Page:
New insurance coverage product can shield solar house owners from cool-weather impacts

New report suggests better assessment standards

Weather risk management company MSI GuaranteedWeather has launched a weather-derived product for solar energy producers that provides protection from the adverse effects of cool days combined with high levels of sunlight.

Japanese renewable energy company Looop Inc. has partnered with MSIGW to develop a dual-trigger derivative to manage the financial impact of this unique combination of weather risks.

While in this case cool but sunny days were identified as the target risk, a product with two triggers can, by its nature, be used in various combinations to hedge against financial risks. In this case, it is possible that an electricity supplier (whose production source is solar PV modules) negatively affects its income on cool but sunny days due to this weather combination. Looop and MSIGW have jointly developed this weather risk derivative to offer financial disbursements based on agreed temperature and solar radiation measurements by the Japan Meteorological Agency (JMA) over a defined period of time.

“This is an exciting, innovative business. By merging solar radiation and temperature data to trigger payments, MSIGW Looop has made a new risk management tool available – an instrument that can significantly help Looop to achieve its goal of providing its customers with a stable and inexpensive power supply “, said Bradley Hoggatt, chief portfolio manager for MSIGW.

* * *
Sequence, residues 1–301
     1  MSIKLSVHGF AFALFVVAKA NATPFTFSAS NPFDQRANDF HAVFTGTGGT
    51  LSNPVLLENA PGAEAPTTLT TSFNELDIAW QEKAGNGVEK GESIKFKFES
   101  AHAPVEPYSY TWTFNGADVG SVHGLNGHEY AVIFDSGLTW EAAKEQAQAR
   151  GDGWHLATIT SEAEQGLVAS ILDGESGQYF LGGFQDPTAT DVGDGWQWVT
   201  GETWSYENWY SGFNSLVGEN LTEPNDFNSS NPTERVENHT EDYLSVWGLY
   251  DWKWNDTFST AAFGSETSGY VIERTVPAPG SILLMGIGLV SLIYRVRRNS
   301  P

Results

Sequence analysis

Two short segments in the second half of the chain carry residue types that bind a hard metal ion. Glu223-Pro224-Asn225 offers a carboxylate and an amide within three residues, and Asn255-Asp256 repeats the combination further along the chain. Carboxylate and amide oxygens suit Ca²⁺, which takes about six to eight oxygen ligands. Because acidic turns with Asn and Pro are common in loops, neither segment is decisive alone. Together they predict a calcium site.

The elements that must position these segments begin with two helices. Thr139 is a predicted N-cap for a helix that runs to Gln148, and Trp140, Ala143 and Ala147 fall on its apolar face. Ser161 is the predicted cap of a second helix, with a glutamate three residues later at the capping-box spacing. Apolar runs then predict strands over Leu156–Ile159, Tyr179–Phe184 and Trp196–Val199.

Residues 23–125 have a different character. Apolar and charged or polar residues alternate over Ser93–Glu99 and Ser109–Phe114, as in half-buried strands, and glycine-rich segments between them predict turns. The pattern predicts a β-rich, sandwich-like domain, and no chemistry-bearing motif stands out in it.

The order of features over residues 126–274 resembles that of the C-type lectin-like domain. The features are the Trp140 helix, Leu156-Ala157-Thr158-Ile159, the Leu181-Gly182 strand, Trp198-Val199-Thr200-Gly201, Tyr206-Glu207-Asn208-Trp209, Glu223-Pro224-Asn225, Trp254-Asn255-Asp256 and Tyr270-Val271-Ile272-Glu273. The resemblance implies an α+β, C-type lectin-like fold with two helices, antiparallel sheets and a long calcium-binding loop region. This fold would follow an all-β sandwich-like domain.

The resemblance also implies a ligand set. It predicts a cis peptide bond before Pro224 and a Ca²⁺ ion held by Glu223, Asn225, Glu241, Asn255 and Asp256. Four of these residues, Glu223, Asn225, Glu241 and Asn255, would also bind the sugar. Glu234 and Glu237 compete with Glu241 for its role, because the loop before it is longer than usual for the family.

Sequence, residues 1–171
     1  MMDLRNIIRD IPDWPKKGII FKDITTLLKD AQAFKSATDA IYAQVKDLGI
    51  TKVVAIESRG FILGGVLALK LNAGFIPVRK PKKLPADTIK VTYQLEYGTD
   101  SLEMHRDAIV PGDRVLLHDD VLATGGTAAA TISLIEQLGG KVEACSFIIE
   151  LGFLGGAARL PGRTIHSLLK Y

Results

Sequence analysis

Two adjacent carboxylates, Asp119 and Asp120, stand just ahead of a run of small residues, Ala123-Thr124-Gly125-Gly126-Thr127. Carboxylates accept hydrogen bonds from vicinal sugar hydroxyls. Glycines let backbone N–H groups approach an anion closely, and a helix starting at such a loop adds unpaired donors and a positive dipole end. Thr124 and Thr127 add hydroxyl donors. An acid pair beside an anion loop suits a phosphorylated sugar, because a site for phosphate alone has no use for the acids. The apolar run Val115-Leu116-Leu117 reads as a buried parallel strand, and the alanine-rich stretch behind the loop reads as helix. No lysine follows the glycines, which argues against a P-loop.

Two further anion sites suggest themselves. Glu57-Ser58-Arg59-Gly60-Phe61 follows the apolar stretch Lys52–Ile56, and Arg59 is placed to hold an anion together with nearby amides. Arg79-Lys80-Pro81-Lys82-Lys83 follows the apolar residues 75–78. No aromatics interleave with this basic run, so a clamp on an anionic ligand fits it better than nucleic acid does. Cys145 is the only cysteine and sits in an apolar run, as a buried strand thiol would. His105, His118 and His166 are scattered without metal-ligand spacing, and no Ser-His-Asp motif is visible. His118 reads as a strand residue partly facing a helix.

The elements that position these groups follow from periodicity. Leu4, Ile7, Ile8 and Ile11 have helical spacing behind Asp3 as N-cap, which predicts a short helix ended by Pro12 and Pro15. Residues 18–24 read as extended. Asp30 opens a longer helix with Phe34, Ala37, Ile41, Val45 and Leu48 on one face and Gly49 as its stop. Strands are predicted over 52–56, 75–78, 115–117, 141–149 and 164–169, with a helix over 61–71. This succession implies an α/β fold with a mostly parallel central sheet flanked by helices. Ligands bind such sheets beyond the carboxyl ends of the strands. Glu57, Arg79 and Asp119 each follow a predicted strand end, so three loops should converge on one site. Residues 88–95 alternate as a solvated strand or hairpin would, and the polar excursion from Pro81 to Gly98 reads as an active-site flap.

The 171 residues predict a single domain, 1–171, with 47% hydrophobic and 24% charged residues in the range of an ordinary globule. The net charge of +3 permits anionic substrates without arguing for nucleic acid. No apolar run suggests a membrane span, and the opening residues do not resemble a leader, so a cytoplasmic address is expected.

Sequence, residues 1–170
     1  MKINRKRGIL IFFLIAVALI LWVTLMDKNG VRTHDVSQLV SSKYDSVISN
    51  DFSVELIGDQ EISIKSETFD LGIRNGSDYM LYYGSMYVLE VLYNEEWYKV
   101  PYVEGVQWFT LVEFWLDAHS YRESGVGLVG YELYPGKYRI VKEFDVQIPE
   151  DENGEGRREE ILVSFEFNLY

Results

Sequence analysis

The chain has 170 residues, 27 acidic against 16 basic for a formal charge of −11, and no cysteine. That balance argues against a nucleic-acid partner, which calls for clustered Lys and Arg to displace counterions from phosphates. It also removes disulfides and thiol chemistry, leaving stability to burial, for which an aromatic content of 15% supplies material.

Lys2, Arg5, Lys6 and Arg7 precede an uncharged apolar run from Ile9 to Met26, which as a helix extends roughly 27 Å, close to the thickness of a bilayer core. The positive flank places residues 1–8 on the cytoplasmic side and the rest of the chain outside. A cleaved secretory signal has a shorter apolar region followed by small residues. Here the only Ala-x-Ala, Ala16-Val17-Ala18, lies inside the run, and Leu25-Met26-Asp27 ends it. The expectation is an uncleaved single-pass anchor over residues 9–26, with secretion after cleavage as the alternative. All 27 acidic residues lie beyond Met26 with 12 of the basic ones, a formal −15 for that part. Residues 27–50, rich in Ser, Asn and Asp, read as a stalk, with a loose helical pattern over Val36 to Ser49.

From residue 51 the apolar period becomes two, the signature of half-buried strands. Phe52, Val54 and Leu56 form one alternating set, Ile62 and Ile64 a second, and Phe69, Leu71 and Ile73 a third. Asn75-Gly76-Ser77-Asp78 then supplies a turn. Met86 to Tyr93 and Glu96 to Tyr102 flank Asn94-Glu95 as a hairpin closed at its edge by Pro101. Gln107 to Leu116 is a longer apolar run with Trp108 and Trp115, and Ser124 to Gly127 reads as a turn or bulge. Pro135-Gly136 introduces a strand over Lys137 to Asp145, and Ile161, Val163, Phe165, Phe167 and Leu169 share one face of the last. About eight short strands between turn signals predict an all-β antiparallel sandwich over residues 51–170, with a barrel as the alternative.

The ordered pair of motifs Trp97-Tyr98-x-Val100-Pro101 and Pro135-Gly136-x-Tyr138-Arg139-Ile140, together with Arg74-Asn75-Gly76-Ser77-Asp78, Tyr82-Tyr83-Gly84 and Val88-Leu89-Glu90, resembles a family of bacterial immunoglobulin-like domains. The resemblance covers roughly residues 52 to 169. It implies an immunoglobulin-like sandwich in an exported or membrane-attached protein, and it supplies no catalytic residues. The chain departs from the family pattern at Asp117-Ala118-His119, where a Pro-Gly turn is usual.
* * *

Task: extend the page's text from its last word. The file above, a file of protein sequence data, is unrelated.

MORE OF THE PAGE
Weather derivatives are a type of financial product that counteracts risks for both income and expenses caused by meteorological phenomena. Similar to parametric weather index insurance, weather derivatives offer the flexibility to include unique contract terms that can cover meteorological extremes using independent third-party weather data. The goal of this newly developed product is to reduce the risk of fluctuation in market electricity prices due to a combination of events – a double trigger. In this case, using the example of a cool but sunny day, the triggers are both a lower demand (due to cool temperatures) and a higher volume of available electricity (due to high solar radiation, which results in higher than expected photovoltaic performance).

In electricity retailing, costs fluctuate for almost every variable. In general, with fluctuating temperatures, the demand for electrical energy also changes (and is typically directly correlated). When demand fluctuates, so does the market price – this is the simple relationship between supply and demand.

Given these complex interactions, it is easy to see the appeal of this product to Looop as it stabilizes financial performance by protecting against risks associated with both temperature (demand-side exposure) and solar radiation (supply-side exposure).

“This dual trigger weather risk management product is an innovative advancement in the development of bespoke weather risk management products for renewable energy providers,” said Brad Davis, president and CEO of MSIGW. “We’re seeing more and more dramatic economic repercussions caused by unexpected weather, and any company (whether in the renewable segment or elsewhere) that does not want to protect against weather-related risks has a less than complete risk management program. ”

This weather risk management product is available worldwide.

Message from MSIGW


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